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Law Enforcement

Napa law enforcement mental health supported with mindfulness, recognizing humanity

First responders have stressful jobs. They work with unpredictability, responding each day to whatever might emerge: petty crime, violence, natural disasters, mental health crises and much more.

All the while, they’re expected to approach each situation with a professional steadfastness, said Napa Police Chief Jennifer Gonzales.

“We have to be the calm man in the chaos,” Gonzales said.

But being consistently exposed to the chaos of society can take a toll on anyone, no matter their passion for the job, say local law enforcement leaders.

Napa County Sheriff Oscar Ortiz said people typically enter law enforcement professions with enthusiasm and a desire to serve their community. But then, he said, the officers naturally come into contact with people living the worst days of their life. Their idealism — along with their mental health — can be chipped away over time.

“We have to do what we can as law enforcement organizations to take care of our people and find a way to keep their enthusiasm over the course of their career,” Ortiz said.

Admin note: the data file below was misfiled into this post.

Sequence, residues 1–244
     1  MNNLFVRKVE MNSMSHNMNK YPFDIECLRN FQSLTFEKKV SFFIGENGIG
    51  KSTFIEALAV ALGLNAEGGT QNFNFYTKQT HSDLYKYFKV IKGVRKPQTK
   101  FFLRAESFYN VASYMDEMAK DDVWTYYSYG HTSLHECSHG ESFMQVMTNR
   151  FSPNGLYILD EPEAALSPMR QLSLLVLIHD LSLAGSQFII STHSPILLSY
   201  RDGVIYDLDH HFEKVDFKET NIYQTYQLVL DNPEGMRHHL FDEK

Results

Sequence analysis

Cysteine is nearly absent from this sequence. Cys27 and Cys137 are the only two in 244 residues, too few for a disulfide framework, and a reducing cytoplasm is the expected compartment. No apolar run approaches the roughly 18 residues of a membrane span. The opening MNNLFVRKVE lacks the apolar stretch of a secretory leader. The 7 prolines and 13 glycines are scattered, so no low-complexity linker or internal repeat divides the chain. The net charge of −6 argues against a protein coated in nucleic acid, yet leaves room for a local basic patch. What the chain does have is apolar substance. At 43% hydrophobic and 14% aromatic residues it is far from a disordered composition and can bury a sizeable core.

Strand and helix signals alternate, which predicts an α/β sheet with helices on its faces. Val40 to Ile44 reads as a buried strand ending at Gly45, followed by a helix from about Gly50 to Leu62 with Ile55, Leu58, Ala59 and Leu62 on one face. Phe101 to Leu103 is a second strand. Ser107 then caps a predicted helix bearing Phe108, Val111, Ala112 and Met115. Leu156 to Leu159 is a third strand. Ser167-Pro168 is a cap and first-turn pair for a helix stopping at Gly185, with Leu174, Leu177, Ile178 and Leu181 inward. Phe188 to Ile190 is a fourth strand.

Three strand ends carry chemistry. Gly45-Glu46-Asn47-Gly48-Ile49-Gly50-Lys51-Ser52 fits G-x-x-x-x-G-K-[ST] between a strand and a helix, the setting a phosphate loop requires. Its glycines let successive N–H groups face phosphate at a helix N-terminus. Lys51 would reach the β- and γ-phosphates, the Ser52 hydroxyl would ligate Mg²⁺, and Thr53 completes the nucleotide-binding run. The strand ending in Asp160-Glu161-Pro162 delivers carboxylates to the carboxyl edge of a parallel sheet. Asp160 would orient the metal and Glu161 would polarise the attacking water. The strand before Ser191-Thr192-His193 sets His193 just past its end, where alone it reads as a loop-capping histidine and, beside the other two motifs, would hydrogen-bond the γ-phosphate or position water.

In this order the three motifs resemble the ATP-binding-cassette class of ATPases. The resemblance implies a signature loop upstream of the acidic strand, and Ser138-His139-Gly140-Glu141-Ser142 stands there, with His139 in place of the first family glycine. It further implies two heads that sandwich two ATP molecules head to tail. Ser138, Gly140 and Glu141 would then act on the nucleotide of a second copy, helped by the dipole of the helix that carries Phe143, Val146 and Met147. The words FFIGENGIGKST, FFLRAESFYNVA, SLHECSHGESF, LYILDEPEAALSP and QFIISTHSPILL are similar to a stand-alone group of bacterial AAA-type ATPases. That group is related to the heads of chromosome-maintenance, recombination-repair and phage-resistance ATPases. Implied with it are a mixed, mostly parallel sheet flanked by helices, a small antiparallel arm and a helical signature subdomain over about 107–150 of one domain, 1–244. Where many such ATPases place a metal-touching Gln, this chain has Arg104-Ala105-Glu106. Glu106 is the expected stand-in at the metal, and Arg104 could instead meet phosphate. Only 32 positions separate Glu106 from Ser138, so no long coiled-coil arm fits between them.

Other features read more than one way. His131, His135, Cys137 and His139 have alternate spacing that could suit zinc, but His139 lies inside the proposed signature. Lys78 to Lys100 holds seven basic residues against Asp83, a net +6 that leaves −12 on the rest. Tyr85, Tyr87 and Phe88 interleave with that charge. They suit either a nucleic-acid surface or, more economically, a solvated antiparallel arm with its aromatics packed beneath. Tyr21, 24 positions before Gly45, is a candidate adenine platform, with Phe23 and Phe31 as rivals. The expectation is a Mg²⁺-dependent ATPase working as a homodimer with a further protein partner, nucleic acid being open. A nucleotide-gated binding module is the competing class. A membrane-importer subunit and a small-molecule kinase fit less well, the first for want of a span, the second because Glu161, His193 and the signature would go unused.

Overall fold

Gonzales said basic humanity is often the best attribute law enforcement personnel have access to, because it means they’re capable of empathically connecting with the community. That humanity, she said, is theoretically what makes implicit bias training — which is designed to get people to recognize and examine unconscious biases they hold — work, as officers are able to find ways to relate to people from historically marginalized communities they don’t share a common background with.

But being human also means officers take on a mental toll from responding to human suffering, with greater regularity and intensity than the average person, Gonzales said. She added the two departments have developed means of taking into account officers’ mental, physical and financial well-being over time to mitigate the trauma officers face.

“When the sheriff and I started our careers, the environment for well-being wasn’t what it was today,” Gonzales said. “We’ve seen the changes in administrative support for employees to take care of themselves. It’s no longer something we don’t talk about.”

One major source of mental health aid, Ortiz said, is peer support programs that all city and county fire and law enforcement personnel have access to.